Wetland in Pekapeka Regional Park

It’s not just the thirteen recipients of  Biodiversity Hawke’s Bay’s Environmental Enhancement Contestable Fund that Debbie Monahan wants to celebrate.

Groups from Wairoa to Central Hawke’s Bay were all awarded varying degrees of funding, to start or continue work to maintain or enhance the region’s natural environment. But, as Monahan’s quick to add, they’re not the only folk making Hawke’s Bay better “for future generations.’’

Monahan, the general manager of Biodiversity Hawke’s Bay, believes more and more people appreciate how precious our native species, landscape and waterways are. “We’ve got so many passionate landowners out there who are proactively trying to sort out how they can best enhance their land and support biodiversity and we need to recognise the fact that’s actually happening, as well as the others protecting their land through QE II National Trust covenants,’’ Monahan said.

The Hawke’s Bay Regional Council is the primary funder of the grants that went to the thirteen applicants, with support from the Department of Conservation. The total amount allocated to the applicants was $50,000.

Monahan says she’s “not really’’ at liberty to comment on who got what, but was able to talk about it in general terms.

“What we’ve actually got in this fund, which is really good, is we’ve got one fund that is up to $3,000, so people can apply for up to $3,000 and that’s for your small, little projects that are just starting,’’ said Monahan.

Then there are those who can access up to $15,000. “You’ve got groups for example, like the Maraetotara Tree Trust and the Haumoana Tree Trust, who’ve got multi-year projects. So those two groups got funding last year and it’s been great to continue their projects this year,’’ Monahan said.

There might be those who aren’t bothered about or don’t value biodiversity and fail to see the need to fund its protection.

Suffice to say that’s not a view shared by Monahan. “When we take one thing out of nature it can affect 10, 15, 20 or even thousands of bits of nature and Hawke’s Bay is a very modified landscape,’’ she said. “A lot of the native bush is gone, the wetlands have been removed so our district’s biodiversity is nowhere as good as it could be and that has effects on all of us.

“Hawke’s Bay is a region that relies on the environment. If you look at our tourism, it’s a beautiful place and people come here for our scenery and nature. 

“We’ve also got horticulture and agriculture and that all relies on healthy nature and we haven’t done a great job on how we treat it at times and there’s species that have been lost and that future generations just won’t see.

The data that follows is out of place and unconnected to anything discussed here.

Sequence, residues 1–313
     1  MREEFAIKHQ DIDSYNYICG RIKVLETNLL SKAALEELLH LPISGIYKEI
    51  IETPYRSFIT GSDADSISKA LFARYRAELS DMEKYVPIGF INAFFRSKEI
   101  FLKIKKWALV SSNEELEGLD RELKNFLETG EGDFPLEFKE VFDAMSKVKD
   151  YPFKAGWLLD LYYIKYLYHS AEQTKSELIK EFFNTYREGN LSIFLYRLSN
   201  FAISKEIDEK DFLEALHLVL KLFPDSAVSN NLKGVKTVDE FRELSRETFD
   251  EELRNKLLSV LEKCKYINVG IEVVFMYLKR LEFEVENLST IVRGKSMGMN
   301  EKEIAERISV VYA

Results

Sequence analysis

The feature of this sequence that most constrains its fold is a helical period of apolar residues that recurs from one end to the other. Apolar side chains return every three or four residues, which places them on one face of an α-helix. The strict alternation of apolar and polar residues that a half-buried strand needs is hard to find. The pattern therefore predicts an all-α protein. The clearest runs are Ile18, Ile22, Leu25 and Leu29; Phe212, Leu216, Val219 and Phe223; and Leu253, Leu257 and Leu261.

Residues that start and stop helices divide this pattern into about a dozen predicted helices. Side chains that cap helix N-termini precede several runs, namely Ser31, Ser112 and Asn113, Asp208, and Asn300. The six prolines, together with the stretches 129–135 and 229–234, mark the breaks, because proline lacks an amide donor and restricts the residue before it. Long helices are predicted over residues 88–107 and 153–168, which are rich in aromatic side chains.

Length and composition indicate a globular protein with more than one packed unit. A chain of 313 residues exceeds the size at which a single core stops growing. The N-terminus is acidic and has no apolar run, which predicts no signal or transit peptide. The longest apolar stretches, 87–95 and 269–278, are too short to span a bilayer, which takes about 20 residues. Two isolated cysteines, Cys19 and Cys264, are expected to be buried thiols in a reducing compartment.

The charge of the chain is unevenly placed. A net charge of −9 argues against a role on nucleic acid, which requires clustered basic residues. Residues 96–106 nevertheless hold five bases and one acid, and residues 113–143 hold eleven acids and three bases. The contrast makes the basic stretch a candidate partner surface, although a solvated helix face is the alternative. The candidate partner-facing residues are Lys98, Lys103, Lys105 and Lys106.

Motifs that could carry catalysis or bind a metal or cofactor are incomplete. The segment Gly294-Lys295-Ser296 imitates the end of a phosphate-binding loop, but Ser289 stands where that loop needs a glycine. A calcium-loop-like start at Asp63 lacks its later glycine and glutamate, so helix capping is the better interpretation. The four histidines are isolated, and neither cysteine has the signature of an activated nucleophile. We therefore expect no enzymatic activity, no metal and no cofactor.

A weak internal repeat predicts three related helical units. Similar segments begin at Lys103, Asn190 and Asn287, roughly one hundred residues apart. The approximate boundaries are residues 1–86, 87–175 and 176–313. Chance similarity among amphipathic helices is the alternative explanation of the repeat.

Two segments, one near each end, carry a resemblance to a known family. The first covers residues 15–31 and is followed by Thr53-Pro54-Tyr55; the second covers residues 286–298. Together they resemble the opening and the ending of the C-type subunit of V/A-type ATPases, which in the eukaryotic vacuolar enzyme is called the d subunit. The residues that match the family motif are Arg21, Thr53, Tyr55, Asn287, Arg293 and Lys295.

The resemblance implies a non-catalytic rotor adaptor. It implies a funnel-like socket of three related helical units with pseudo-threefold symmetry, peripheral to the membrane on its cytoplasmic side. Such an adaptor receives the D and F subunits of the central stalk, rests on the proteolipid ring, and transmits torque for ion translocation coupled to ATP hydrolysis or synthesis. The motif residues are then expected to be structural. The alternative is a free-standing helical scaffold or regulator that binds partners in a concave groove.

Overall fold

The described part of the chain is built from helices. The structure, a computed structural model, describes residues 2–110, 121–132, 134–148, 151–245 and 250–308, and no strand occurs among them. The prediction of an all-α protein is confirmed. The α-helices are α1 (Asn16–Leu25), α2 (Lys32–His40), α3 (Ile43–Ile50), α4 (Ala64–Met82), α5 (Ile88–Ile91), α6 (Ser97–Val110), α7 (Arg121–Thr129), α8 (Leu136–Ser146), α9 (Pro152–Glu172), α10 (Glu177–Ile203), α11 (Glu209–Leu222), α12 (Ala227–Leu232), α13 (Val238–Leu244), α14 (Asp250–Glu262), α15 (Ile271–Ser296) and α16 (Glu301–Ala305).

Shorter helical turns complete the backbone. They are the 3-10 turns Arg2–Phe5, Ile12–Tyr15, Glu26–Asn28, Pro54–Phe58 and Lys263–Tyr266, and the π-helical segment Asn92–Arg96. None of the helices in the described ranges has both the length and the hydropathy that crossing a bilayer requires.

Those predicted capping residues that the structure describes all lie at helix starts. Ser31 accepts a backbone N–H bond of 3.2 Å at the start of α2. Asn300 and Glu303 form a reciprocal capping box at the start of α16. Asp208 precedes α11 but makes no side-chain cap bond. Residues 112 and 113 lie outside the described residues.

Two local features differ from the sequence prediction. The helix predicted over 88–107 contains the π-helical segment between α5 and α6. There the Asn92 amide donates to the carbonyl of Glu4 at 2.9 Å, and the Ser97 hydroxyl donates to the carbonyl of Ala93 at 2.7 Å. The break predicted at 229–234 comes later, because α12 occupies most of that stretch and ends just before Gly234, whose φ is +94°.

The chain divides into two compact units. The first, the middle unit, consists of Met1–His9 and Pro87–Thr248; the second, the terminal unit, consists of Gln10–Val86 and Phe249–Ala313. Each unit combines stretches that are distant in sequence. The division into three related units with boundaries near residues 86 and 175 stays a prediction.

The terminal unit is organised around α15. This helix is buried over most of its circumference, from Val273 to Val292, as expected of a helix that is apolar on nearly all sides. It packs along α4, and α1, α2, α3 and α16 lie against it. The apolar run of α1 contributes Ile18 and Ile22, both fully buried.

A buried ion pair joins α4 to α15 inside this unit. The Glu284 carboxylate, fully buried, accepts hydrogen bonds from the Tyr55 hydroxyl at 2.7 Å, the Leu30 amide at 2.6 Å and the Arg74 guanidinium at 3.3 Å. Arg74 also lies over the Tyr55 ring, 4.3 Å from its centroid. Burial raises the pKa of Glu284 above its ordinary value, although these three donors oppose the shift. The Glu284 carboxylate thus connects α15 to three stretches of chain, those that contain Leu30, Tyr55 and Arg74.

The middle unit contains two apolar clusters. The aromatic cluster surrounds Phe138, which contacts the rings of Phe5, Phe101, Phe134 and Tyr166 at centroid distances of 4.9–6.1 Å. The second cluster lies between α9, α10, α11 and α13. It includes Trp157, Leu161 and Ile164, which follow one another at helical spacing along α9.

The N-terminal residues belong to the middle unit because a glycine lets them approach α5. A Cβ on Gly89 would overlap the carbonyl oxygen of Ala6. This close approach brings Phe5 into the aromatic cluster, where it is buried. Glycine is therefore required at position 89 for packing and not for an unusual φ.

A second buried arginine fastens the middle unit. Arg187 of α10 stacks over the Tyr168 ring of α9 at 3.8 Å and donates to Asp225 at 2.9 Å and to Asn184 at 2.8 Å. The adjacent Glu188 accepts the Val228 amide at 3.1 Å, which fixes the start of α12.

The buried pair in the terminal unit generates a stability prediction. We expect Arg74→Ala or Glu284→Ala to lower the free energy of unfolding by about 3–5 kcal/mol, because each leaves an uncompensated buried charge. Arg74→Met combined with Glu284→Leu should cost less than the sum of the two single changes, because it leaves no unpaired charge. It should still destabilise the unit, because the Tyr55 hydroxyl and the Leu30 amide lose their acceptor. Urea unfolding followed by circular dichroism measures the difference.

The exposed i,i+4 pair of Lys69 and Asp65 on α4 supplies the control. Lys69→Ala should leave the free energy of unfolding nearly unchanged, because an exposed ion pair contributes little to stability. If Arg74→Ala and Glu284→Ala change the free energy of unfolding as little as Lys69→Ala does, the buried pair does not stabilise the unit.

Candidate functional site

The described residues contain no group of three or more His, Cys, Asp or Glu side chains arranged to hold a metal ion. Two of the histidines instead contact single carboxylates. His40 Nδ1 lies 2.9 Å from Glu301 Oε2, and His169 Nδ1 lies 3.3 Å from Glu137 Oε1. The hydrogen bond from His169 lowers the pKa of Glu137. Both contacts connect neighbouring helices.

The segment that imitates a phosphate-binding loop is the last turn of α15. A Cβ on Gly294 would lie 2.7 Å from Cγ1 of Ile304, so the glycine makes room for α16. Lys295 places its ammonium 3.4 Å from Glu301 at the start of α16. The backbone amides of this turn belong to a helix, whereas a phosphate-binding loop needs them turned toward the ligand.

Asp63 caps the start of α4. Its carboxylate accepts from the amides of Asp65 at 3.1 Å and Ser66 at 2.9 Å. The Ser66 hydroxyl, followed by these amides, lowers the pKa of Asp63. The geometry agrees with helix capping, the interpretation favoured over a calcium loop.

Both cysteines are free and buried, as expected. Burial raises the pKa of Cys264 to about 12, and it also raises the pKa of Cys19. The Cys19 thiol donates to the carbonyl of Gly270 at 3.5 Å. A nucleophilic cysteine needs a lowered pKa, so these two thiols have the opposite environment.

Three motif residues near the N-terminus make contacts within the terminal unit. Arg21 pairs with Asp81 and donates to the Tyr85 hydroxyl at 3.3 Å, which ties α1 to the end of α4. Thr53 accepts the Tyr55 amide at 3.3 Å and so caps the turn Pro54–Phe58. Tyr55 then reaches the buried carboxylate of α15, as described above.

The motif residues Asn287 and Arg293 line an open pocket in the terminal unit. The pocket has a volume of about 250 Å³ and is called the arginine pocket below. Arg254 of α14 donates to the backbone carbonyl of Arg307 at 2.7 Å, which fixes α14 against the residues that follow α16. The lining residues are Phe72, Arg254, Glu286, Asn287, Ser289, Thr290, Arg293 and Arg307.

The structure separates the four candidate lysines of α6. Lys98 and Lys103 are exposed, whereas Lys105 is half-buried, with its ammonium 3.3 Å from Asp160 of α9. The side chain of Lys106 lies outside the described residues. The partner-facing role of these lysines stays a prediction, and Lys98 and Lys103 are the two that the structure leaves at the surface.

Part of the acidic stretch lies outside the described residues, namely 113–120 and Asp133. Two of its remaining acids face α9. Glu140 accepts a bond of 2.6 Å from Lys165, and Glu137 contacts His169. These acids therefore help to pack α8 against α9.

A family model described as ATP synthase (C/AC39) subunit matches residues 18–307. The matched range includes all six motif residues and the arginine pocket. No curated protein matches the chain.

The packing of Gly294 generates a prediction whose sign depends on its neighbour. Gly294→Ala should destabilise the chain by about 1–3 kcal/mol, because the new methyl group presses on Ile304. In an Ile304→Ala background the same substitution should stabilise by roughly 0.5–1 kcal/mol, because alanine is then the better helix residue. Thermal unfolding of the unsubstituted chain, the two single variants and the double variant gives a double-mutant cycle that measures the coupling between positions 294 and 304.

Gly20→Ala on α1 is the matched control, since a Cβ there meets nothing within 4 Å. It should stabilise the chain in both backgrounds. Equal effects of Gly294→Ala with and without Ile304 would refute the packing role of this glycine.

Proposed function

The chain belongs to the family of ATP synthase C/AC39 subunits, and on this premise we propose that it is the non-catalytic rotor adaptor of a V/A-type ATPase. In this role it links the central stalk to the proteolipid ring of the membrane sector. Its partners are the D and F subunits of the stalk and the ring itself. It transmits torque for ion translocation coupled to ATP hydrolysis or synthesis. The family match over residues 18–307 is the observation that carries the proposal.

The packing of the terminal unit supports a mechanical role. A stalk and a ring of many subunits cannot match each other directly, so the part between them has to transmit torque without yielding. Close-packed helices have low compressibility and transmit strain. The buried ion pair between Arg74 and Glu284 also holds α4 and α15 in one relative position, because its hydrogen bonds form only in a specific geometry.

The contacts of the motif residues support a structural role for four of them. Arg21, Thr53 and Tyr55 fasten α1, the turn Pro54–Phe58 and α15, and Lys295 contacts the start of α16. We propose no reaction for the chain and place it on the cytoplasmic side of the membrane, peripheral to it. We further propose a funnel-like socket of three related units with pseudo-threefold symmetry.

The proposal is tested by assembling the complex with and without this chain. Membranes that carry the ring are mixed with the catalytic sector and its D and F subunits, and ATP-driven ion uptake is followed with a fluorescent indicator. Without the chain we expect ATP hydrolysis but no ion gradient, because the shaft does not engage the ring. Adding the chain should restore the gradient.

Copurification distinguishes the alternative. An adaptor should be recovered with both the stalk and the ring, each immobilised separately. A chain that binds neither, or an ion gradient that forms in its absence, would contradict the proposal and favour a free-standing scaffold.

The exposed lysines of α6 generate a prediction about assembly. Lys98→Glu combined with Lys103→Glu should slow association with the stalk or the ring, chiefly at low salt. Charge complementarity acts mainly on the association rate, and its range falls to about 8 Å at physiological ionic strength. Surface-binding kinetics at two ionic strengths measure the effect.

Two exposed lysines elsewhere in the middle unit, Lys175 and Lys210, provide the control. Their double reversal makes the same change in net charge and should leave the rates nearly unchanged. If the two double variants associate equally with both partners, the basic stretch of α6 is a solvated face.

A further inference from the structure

“In Hawke’s Bay we’ve lost species that are still present in other parts of New Zealand so we’ve got a responsibility to make sure we protect what we have and that we restore and enhance it so that future generations have got the benefit of what we’re doing now.’’

That’s said against a backdrop where we have a government minister – Shane Jones – announcing an intent to fast track mining projects across the country. Jones has even gone as far to say environmentalists have had their day and that the pursuit of wealth from projects, such as mining, trumps any environmental concerns.

Monahan has a nuanced view of that sort of rhetoric. “It’s not a case of you’ve got to have one and not the other,’’ said Monahan. “What isn’t helpful is a lot of people will turn around and will blame one group over another group. We’re all in this together.

“We don’t want to lose precious wetlands just to build a mine, but a lot of the areas that have already been modified or don’t have value, put money in those or use that if you like. But don’t go into a pristine, perfect environment where a severe biodiversity loss is going to happen.

“People are aware of the areas that are really vulnerable and we should be protecting those.

“You look at something like the Ahuriri Estuary; can you imagine turning round and finding a great mineral or something there and saying you’re going to mine there?

“No-one would put up with that, they would not accept that.”

Biodiversity Hawke’s Bay’s Environmental Enhancement Contestable Fund 2024 recipients:

  • Haumoana Tree Trust – Haumoana Tree Trust Planting Phase 2 (replacements) and Phase 3-new plantings 2024
  • Michael & Roslyn Thomas– Bush & Wetland Restoration on Mangatawhiti Station
  • Save the Dotterels, Hawke’s Bay – Bayview/Westshore/Awatoto
  • Moo Scotting – Calling All Kiwi
  • Central Hawke’s Bay Forest and Bird – Ōtaia Bush Restoration*
  • Wynne-Lewis Farming Limited – Wetland restoration
  • Environment Conservation & Outdoor education Trust (ECOED) – Save Our Kaweka Kiwi
  • Jervoistown Forest Project – Jervoistown Berm Afforestation Planting
  • Te Ngahere – Puketitiri Pekapeka
  • Maraetotara Tree Trust – Maraetotara River Riparian Planting Programme
  • Watch Our Water Maharakeke and Porangahau (WOW MAP) Streams Catchment Group – Native Riparian Planting Trial and Community Planting Day
  • Ryan Bauckham & Dr Amelia McQueen (EIT) – Hawkes Bay Lepidoptera Monitoring – Baseline Project
  • West Quay Body corporate Committee – West Quay Planting for Urban Biodiversity

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